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From the Director

Those who know me know that I am a voracious reader—newspapers, magazines of many kinds, and, of course, books. I prefer non-fiction to fiction and love art books above all else. My library is akin to many artists’ studios: personal, idiosyncratic, and not open to just anyone. As I continue to settle in at the ISC and at home, I am unpacking books and adding new books to an already damn big library. To my delight, the last year or so has been filled with much contentment because so many books have been published on art and artists—many of them very good and extremely readable.

At some point during the last few decades, the sense of art writing as a craft has faded, replaced by the notion that if enough words are jammed around an object, meaning will somehow magically appear. Yet few of these new school writers say anything. To express an opinion, make an observation, or take a position about a work of art is to bring forth real fortitude of belief. Why has such an approach been allowed to fade? Art writing has also allowed biography to lapse, neglecting the complex and often inexplicable turns and twists of an artist’s life (no more or less complicated than our own) as if the bearing of history on that life interferes with the art being discussed. Bringing the mayhem of the real world into play when writing about artists seems to have become wrong-minded as if art is beyond or above such banal intrusions.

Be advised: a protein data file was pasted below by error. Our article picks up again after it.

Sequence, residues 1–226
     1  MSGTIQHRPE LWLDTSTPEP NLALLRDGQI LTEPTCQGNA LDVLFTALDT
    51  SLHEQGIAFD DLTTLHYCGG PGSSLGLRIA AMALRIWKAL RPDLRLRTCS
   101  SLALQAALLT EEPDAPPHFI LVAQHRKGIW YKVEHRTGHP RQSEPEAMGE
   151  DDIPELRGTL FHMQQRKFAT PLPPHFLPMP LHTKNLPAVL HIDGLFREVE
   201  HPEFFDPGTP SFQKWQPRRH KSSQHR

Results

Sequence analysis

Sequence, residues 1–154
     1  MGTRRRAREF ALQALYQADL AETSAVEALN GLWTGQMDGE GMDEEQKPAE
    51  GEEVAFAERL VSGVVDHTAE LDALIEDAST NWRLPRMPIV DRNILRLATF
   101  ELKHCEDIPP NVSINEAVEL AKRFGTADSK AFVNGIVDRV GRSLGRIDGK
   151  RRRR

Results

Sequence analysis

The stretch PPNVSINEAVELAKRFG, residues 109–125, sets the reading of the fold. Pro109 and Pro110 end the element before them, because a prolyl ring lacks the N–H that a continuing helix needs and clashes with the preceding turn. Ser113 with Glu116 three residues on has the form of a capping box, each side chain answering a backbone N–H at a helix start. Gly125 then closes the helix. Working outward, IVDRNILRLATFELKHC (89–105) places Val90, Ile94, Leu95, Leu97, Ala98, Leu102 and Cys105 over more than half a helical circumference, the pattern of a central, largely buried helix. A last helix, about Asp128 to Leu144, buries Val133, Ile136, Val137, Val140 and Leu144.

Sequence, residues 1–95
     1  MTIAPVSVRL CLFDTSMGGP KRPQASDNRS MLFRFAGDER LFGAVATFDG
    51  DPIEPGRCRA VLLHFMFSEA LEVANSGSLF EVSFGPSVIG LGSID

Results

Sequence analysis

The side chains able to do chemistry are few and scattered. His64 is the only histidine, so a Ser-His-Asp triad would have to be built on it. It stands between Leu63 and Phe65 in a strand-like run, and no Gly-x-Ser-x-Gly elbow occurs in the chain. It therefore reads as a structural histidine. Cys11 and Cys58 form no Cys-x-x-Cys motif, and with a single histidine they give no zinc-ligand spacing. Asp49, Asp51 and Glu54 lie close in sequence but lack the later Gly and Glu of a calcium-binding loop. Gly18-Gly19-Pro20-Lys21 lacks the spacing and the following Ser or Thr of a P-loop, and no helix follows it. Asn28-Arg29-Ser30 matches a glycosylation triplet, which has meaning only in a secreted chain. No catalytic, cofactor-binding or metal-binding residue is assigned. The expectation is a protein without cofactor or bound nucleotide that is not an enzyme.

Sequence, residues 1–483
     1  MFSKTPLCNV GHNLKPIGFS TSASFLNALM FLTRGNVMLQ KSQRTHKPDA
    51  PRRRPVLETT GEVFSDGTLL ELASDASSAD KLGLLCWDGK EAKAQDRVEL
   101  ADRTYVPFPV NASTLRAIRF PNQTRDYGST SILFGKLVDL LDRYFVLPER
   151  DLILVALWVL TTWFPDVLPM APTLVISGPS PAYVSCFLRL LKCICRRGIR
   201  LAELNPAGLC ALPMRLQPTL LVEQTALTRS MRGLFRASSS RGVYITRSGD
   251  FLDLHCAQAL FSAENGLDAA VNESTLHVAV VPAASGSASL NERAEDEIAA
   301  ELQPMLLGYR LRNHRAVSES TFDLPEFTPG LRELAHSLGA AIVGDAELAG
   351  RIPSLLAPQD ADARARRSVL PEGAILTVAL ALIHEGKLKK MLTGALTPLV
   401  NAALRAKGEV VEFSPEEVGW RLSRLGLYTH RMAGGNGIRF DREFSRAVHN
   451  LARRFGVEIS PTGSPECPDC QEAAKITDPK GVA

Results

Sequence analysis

Art writing is a noteworthy skill: sensitive practitioners can turn the reactions, feelings, and at times uncertain emotions of viewing a work of art into clearly defined words, phrases, and articulations that the reader will connect to, consider, debate, and perhaps even enjoy. The joy portion of this learning process cannot be discounted even by those who practice and focus primarily on theoretical intentions and developments. I would say that there have been at least a half dozen or so recent titles that are joyful in their efforts to explore the reaches of artistic exploration and innovation.

Katherine Kuh’s A Love Affair with Modern Art, skillfully edited by Avis Berman after the author’s death in 1994, is a wonderful, thoughtful collection of personal essays about her life in art and the art of her contemporaries. Sculptors as important as Brancusi and Noguchi are discussed and remembered. In Kuh’s altogether autobiographical essays, she not only analyzes their work, but also, at the same time and in the same breath, explains the often intricate nature of her friendships and working relationships with them. She tells terrific anecdotes about her travels and studio visits during the course of a long and notable career that took her from art dealer to curator, to art critic for the Saturday Review, and then to independent advisor. Kuh’s is a serious examination of artists’ lives and works that also discusses the people who surround artists, who not only inhabit their world, but also help to define and determine their individual values and practices. Kuh’s ideas and efforts are well worth exploring as something of a role model especially in as disjunctive an age such as ours. The simplicity of her language and the clarity with which she interprets and presents her subjects could serve us well as we continue to build libraries of historic and critical materials about our contemporaries.

Michael Klein
ISC Executive Director

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